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The Kushan Empire
Transcript of The Kushan Empire
Bactria, and expanded into Kashmir, officially
becoming an empire around
60 CE. The Kushan Empire expanded into
the Ganges basin around 105 CE.
The empire controlled northern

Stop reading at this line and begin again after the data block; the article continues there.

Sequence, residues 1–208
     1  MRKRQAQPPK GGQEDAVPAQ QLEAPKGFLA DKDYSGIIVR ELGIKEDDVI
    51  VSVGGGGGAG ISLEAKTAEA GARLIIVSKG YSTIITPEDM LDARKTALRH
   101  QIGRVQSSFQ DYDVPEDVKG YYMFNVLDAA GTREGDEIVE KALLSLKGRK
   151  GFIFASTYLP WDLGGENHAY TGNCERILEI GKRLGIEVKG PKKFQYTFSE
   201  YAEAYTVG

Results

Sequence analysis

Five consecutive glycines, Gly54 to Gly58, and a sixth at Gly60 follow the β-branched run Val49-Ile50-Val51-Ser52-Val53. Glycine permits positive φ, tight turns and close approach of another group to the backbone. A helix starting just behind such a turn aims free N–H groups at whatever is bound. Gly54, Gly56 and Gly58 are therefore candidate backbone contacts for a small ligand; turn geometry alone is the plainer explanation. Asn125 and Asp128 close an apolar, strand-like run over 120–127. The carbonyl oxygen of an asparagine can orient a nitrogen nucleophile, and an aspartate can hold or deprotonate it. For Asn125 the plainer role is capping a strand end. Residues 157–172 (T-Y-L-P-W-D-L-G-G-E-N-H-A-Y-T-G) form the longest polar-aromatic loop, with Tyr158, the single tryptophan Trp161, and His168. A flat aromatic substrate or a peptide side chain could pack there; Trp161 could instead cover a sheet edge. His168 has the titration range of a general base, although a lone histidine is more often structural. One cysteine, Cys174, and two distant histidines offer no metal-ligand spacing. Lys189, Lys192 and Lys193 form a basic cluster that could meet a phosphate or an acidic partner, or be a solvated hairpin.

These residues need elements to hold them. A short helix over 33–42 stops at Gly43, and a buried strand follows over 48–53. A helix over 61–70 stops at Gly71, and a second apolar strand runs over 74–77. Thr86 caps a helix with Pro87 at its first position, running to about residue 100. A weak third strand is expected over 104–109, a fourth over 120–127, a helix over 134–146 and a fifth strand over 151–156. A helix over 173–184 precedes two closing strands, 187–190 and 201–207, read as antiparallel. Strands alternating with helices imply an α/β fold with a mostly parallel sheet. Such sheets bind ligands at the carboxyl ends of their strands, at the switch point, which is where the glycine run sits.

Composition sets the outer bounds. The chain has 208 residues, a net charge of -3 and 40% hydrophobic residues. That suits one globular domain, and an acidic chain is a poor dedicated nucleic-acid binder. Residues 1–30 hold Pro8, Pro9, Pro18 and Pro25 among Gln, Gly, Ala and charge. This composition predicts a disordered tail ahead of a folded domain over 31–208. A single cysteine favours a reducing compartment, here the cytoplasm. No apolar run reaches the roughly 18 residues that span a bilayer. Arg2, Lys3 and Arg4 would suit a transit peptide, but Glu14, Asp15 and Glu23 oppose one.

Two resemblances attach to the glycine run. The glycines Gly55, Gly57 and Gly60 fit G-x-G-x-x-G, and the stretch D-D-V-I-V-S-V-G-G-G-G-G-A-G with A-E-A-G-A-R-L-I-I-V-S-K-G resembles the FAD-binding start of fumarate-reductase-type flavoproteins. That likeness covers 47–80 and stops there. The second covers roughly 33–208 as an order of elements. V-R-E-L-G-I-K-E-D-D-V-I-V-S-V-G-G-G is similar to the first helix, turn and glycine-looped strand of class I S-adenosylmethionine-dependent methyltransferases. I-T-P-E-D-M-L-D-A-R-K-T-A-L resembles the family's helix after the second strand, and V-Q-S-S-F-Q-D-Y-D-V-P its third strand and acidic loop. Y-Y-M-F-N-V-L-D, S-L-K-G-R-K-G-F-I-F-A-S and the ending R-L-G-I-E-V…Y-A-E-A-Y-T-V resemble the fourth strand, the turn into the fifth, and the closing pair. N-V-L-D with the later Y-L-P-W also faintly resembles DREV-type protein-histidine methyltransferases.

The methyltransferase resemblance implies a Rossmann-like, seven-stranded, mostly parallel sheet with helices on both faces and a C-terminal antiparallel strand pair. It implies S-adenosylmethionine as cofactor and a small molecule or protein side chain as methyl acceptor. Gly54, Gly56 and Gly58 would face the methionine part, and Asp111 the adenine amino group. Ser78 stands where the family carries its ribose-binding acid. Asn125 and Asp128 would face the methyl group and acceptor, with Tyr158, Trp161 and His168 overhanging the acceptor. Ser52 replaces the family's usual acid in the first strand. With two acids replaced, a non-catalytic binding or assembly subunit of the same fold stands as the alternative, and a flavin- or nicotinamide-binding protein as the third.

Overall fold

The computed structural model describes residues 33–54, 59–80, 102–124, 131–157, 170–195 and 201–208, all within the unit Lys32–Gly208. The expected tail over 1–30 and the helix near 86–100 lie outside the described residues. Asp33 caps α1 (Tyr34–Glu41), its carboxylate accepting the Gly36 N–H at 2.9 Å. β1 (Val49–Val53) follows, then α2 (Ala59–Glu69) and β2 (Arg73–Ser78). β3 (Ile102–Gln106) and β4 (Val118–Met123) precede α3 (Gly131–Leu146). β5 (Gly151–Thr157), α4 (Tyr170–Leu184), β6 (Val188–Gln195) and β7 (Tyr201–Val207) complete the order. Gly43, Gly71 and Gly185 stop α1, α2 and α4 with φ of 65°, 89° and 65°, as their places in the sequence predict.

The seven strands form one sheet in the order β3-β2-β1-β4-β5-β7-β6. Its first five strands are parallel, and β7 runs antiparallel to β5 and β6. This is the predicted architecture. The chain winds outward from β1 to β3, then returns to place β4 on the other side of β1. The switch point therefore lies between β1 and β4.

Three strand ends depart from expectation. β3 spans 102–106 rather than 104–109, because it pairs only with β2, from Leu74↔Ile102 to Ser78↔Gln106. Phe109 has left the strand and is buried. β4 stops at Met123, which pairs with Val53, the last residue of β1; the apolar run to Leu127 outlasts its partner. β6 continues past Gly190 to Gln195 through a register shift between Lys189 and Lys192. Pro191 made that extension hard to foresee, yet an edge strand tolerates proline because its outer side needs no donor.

India and some of Central Asia. The Kushan empire controlled the "Silk Road", a major trading route between the Mediteranean and Asia. Because of its location, the Kushan Empire became very wealthy through trade and a melting pot of many cultures, races, and religions. The Kushan Empire introduced many new art forms and ideas to the world, mostly because its society allowed different cultures to freely mix. Until the Kushan Empire collapsed in 225 CE after being crushed by the Sasanid Empire, the Kushan Empire was very unique in every aspect of its existence, including its government. Overview The Kushan Government The Kushan Government was Imperial rule. This means that the king was the head of government, had full control over how the country was run, and was considered divine. The royal line bgan with the empire's first king, Kajula Kapdphises, who turned the Kushans from a nomadic tribe into an empire. Kajula was the leader/king of the nomads, so it was natural for him to assume control of the emerging empire. All kings of the Kushans were descendants of Kajula Kadphises, and bore his last name. The most famous king of the empire, Kanishka Kadphises, brought the empire to its golden age. Kanishka, like all Kushan kings was considered divine. Borrowing from the Chinese culture, he gave himself the title of the emperor: Son of God. A statue of Kanishka bears the inscription, "Great King, King of Kings, Son of God." The King's rule was carried out by local officials throughout all towns of the empire. Governors, or client rulers, were also used to govern territories, although they were always under the king. The Kushan Empire had a unique idea to keep the empire united. The King and his officials had three different capitals throughout the empire. One capital, Begram, was in the Central Asian part of the empire and was used as a summer capital. Mathura, in India, was used as a winter capital. The last, Peshawar, was used as a transitional capital. This system of changing the location of the empire capital allowed the government to be around all parts of his empire at some point during the year. This kept a portion of the empire far away from the capital from being completely excluded from the rest. The Kushan kings had a very diverse empire to rule. As a central trading hub, the empire was host to a variety of different cultures, races, and religions. The government successfully fused Central and southern Asia by respecting all traditions and customs. They imposed no single religion on their populace but respected all parties. The citizens of the Kushan Empire were treated well by the king and the government. Since the king treated all cultures equally well, all parties were very loyal to both their king and their nation. Although Peshawar isn't shown on this map, it was located roughly in the middle of the empire. Credit where Credit is Due The Kushans arrive in Bactria. The Ganges Basin "Kushan Empire (ca. 2nd Century B.C.–3rd Century A.D.) | Thematic Essay | Heilbrunn Timeline of Art History | The Metropolitan Museum of Art." The Metropolitan Museum of Art, New York: Metmuseum.org. Web. 14 Mar. 2011. <http://www.metmuseum.org/toah/hd/kush/hd_kush.htm>. "The Early Empires Of South Asia." The Great Empires of the Ancient World. Ed. Thomas Harrison. Los Angeles, CA: J. Paul Getty Museum, 2009. 228+. Print. "Renewal In the Middle East." Empires Besieged: Time Frame--AD 200-600. Alexandria, VA: Time-Life, 1988. 87-89. Print. "1000 BCE to 300 CE: South Asia." Asia for Educators | Columbia University. Web. 18 Mar. 2011. <http://afe.easia.columbia.edu/tps/1000bce_sa.htm>. "Google Image Result for Http://upload.wikimedia.org/wikipedia/commons/9/9b/KushanEmpireMap.jpg." Google. Web. 20 Mar. 2011. <http://www.google.com/imgres? By Brandon Morgan